Ultra legend David Horton took me under his wing and convinced me not to drop at the 50-mile mark of my first 100, the 1995 Massanutten Mountain Trails 100 Mile Run. With the wisdom of a person who has experienced and conquered the low points of an ultra countless times, he suggested I regroup, refuel, and move forward one aid station at a time. I did what he told me, and I have him to thank for my finish.

Take a Class
Taking a class can provide a deeper understanding of specific topics. Courses on distance-running physiology, sports psychology, nutrition, altitude training, and strength and conditioning are offered by:

You can also learn a lot by attending running camps or even by showing up for your local specialty running store clinics.

Build a Library
There’s nothing like holding the knowledge in your own hands. Start your own collection of information and resources. As questions arise or you find yourself drifting without direction with your running, go to your library or local bookstore for clarity. Here’s a sampling of the texts on my bookshelves and nightstand that I reference most frequently:

Training Specific

  1. You (Only Faster) by Greg McMillan
  2. Relentless Forward Progress: A Guide to Running Ultramarathons by Bryon Powell
  3. The Ultimate Guide to Trail Running by Adam Chase and Nancy Hobbs
  4. Lore of Running by Tim Noakes
  5. A Step Beyond: A Definitive Guide to Ultrarunning edited by Don Allison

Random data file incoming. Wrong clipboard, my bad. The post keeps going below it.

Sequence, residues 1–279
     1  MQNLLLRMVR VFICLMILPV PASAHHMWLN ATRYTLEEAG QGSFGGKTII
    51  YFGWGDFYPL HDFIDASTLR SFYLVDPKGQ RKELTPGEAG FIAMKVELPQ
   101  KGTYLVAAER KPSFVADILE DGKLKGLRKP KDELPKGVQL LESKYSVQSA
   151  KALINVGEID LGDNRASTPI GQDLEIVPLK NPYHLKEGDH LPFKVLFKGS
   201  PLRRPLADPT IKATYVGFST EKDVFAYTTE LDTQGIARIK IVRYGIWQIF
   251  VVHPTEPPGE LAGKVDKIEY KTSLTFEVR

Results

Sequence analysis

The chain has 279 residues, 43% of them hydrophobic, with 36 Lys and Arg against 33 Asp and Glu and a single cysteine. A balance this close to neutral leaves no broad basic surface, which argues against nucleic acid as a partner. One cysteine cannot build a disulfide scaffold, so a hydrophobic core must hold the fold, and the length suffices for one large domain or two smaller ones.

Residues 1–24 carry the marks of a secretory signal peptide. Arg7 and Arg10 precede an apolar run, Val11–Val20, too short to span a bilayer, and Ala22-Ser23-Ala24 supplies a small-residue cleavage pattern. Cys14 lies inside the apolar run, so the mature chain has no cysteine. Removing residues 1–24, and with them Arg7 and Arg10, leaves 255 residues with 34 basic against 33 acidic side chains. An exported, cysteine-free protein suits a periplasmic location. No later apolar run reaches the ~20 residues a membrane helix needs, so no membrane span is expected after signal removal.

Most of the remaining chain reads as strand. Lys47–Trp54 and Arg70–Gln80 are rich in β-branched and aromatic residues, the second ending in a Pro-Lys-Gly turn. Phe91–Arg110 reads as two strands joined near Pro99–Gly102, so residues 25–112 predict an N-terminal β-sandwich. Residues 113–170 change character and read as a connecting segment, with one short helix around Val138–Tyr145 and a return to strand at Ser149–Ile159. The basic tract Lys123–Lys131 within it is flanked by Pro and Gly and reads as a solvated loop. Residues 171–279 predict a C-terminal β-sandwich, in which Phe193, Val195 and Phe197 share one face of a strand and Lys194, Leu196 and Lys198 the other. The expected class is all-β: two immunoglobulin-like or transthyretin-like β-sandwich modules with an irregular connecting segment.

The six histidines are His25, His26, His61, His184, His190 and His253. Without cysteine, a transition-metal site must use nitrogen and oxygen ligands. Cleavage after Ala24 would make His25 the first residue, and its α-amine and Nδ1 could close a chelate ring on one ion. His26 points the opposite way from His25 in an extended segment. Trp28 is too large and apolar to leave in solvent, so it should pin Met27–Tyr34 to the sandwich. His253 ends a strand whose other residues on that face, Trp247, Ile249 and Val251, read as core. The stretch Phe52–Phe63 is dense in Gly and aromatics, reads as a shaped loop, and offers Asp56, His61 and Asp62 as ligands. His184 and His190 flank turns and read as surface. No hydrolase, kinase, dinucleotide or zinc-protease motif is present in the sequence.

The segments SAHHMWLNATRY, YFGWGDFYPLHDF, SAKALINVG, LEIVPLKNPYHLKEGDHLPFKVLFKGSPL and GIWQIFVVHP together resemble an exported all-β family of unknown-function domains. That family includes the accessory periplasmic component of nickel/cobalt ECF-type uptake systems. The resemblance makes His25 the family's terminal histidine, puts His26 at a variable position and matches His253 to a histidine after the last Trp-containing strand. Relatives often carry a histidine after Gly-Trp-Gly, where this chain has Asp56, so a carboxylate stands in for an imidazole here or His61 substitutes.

6. Daniels’ Running Formula by Jack Daniels
  7. Better Training for Distance Runners by David Martin and Peter Coe
  8. Training for Ultra Running by Andy Milroy

Recovery/Injury Specific

  1. The Athlete’s Guide to Recovery by Sage Rountree
  2. Listen to Your Pain: The Active Person’s Guide to Understanding, Identifying, and Treating Pain and Injury by Ben E. Benjamin
  3. Fixing Your Feet by John Vonhof
  4. The Trigger Point Therapy Workbook: Your Self-Treatment Guide for Pain Relief by Clair Davies

Nutrition Specific

  1. Racing Weight by Matt Fitzerald
  2. The Athlete’s Plate: Real Food for High Performance by Adam Kelinson

Strengthening/Mobility Specific

  1. Athletic Body in Balance by Gray Cook
  2. Spinal Stabilization: The New Science of Back Pain by Rick Jemmett
  3. Anatomy for Runners by Jay Dicharry
  4. The Whartons’ Back Book by Jim and Phil Wharton

Personal Accounts

  1. Running Through the Wall: Personal Encounters With the Ultramarathon by Neal Jamison
  2. Eat and Run by Scott Jurek